South Carolina House of Representatives judiciary chairman Peter McCoy is the odds-on favorite to succeed Sherri Lydon as the next U.S. attorney for the Palmetto State, multiple sources familiar with the selection process tell this news outlet.
McCoy is also benefiting from the fact that Bryan Stirling – director of the S.C. Department of Corrections (SCDC) – has reportedly indicated he is not interested in seeking the post at this time. Along with Lydon and McCoy, Stirling was also among the top contenders for this position the last time it came open.
This time McCoy and two of Lydon’s lieutenants – 46-year-old Lance Crick or 41-year-old DeWayne Pearson – are viewed as the most likely candidates for the post.
Lydon’s days are numbered as U.S. attorney – not because she is doing a bad job (quit the opposite is true) but because U.S. president Donald Trump is eager to appoint her to a district court judgeship.
Trump is hoping to recalibrate the federal judiciary prior to the 2020 election – a race which will be a difficult slog for him even under the best economic circumstances. Acknowledging this reality, the White House is pressing hard on dozens of judgeships across the country – including two in South Carolina.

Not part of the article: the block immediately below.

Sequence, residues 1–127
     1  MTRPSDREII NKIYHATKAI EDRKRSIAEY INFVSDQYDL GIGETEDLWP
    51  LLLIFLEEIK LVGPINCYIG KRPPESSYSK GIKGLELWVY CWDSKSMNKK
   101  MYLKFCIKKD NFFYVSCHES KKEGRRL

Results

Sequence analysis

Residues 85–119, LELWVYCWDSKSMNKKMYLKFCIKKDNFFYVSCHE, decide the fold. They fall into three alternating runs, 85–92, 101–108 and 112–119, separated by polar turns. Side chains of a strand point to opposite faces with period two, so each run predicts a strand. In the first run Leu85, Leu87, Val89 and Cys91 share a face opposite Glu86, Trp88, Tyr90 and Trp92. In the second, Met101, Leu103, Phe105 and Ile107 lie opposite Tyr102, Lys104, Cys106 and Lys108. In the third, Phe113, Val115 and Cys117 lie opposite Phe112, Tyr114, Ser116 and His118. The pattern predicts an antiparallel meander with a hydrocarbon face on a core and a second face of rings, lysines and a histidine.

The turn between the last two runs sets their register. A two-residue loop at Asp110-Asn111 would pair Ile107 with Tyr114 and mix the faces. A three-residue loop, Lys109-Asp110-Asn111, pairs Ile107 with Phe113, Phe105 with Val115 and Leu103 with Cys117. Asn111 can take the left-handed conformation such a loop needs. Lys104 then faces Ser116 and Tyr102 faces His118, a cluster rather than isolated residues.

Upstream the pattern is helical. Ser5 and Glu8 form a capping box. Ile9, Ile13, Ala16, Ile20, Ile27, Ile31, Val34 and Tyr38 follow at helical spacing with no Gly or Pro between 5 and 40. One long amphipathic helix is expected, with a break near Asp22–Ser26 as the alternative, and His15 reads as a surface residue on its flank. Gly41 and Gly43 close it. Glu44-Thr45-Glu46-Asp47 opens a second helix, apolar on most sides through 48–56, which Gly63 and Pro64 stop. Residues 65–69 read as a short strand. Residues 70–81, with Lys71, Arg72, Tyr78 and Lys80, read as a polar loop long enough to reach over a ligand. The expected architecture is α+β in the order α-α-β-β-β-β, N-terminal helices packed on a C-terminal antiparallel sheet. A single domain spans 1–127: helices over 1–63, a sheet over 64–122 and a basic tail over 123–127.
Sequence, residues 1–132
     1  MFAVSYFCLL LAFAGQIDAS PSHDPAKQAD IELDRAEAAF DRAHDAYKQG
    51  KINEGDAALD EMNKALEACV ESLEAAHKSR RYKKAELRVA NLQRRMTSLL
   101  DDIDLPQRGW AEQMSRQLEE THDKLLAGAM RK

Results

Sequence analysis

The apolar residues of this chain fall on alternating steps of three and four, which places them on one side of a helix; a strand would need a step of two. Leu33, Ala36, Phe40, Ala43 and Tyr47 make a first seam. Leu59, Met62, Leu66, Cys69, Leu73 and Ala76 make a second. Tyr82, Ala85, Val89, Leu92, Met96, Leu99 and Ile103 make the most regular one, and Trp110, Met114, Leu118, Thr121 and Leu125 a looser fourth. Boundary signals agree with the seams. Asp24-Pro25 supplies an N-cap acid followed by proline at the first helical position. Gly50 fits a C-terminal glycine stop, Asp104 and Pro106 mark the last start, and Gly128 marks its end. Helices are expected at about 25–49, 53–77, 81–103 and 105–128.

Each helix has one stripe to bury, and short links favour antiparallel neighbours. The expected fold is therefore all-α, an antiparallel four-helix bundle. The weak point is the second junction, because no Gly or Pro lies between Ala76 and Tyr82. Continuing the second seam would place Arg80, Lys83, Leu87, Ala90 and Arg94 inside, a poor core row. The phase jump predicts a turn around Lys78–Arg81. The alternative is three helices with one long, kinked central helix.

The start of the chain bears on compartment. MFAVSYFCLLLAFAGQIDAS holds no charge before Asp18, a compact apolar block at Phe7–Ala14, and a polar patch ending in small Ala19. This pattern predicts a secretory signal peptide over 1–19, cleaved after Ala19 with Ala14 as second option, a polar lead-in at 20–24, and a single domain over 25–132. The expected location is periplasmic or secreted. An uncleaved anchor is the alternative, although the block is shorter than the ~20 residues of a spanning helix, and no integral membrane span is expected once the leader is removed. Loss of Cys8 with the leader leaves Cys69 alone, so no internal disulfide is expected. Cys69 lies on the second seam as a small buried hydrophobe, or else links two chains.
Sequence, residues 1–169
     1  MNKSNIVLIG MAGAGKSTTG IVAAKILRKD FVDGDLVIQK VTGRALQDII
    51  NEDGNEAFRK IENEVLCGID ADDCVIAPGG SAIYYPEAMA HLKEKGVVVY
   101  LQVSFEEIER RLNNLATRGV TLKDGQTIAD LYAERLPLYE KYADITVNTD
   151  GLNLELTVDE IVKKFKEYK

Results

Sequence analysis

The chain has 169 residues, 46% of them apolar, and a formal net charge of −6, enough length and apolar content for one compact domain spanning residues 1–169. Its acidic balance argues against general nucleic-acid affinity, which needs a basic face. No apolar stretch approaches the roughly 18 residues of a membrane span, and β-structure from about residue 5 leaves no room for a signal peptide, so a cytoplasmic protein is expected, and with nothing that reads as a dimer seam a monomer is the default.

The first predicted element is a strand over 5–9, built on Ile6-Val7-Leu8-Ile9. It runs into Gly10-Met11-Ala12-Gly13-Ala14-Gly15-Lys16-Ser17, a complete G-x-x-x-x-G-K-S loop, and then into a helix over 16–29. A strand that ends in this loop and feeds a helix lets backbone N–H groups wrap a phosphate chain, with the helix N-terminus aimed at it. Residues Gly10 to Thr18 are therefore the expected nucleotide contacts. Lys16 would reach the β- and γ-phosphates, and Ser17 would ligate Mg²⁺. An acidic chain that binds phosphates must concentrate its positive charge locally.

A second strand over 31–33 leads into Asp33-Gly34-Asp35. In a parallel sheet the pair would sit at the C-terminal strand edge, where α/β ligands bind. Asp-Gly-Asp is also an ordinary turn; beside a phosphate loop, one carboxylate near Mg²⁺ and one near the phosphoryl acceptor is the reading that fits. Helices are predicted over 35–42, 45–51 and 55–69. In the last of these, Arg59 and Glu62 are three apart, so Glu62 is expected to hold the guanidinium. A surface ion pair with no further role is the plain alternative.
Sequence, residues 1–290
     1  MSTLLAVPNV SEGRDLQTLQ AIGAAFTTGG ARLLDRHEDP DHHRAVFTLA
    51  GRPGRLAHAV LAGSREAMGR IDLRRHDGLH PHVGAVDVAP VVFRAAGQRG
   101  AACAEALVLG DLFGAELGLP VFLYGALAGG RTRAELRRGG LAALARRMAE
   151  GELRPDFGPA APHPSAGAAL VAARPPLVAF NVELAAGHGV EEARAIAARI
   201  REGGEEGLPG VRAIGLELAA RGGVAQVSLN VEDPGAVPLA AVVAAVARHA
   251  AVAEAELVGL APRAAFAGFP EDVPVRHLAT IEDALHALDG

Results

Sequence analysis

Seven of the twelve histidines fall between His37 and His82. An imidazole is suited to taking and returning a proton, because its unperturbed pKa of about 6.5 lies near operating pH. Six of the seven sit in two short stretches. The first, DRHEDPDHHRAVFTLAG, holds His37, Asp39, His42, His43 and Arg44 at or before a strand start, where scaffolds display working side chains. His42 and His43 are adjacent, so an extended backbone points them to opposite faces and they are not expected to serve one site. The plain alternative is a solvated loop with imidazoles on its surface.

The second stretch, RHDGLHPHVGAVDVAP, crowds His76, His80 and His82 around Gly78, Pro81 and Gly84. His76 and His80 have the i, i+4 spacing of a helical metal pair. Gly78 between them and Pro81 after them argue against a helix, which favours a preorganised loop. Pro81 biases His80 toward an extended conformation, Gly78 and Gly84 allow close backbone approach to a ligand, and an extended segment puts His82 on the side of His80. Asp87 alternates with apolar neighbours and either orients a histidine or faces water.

Lydon has reportedly indicated she is willing to accept one of these positions, creating the opening in her current job.
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We are happy for Lydon (above) – and believe she will make an excellent federal judge. Still, her imminent departure creates a void. After a lengthy proxy battle delayed her ascension to the U.S. attorney job, the 57-year-old former defense lawyer has been aggressively cracking down on public corruption and violent crime in the Palmetto State – earning high marks across the boards.
Lydon is smart and hard-working, which are two good attributes in a prosecutor. Beyond that, she is fearless and seemingly incorruptible … two great attributes for anyone who holds (or is seeking to hold) a position of public trust.
She is precisely what the state of South Carolina needed in this office, and her tenure has not only made the Palmetto State safer … it has made its leaders more accountable.
Those are some big shoes for McCoy to fill … and in the event he gets the job, he would be called upon to fill them at an incredibly pivotal moment. There are some major investigations currently underway in this state that need to be brought to successful resolutions, and beyond that there is clearly no shortage of “smash and grab” graft when it comes to ethically challenged state and local governments.
We have always liked McCoy – even if he haven’t always agreed with him. He has taken strong, principled positions on several big ticket issues that matter to us … although some lawmakers and lobbyists have criticized his leadership of the House judiciary committee.
Bottom line? We believe he has all the tools necessary to do this job effectively, and our guess is in the increasingly likely event he winds up getting the position he will enter the office with plenty to prove … and probably a little bit of a chip on his shoulder.
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